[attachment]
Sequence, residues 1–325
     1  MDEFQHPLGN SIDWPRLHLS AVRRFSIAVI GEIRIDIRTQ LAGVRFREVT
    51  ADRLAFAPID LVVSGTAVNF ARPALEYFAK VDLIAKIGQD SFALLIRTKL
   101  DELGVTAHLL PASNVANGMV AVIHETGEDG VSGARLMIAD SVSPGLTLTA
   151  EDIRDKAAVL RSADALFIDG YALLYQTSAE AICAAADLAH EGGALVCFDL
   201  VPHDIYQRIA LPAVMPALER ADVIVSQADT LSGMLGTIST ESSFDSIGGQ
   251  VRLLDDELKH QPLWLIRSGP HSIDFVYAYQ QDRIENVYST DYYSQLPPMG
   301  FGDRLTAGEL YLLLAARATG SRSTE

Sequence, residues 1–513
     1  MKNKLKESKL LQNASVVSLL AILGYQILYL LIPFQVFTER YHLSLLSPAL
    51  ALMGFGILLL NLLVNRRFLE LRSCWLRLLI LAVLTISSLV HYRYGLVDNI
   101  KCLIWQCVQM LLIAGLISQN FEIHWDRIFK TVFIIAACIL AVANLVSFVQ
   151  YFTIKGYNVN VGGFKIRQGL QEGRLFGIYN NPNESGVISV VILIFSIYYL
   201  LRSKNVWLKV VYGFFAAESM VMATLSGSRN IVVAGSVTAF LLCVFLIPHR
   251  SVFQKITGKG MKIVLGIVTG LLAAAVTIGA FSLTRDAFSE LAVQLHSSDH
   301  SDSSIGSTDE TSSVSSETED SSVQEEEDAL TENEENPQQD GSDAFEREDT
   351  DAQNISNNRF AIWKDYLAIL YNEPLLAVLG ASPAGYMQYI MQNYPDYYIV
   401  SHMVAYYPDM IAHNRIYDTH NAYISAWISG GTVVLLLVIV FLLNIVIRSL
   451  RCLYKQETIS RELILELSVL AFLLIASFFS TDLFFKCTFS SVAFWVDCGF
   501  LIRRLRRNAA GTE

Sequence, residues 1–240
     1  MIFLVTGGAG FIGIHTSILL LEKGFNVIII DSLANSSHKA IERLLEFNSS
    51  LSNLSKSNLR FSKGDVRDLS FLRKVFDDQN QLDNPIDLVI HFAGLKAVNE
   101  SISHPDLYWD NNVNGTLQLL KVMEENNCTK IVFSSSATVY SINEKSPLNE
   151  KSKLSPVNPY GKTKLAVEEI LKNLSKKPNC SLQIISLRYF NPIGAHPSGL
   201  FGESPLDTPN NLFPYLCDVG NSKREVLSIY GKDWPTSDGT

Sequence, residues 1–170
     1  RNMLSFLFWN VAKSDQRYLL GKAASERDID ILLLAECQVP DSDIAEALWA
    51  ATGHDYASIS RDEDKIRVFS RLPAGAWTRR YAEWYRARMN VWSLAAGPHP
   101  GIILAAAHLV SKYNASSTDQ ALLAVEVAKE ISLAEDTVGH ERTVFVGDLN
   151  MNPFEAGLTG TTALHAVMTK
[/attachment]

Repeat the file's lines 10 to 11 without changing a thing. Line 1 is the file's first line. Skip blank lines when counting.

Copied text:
     1  MKNKLKESKL LQNASVVSLL AILGYQILYL LIPFQVFTER YHLSLLSPAL
    51  ALMGFGILLL NLLVNRRFLE LRSCWLRLLI LAVLTISSLV HYRYGLVDNI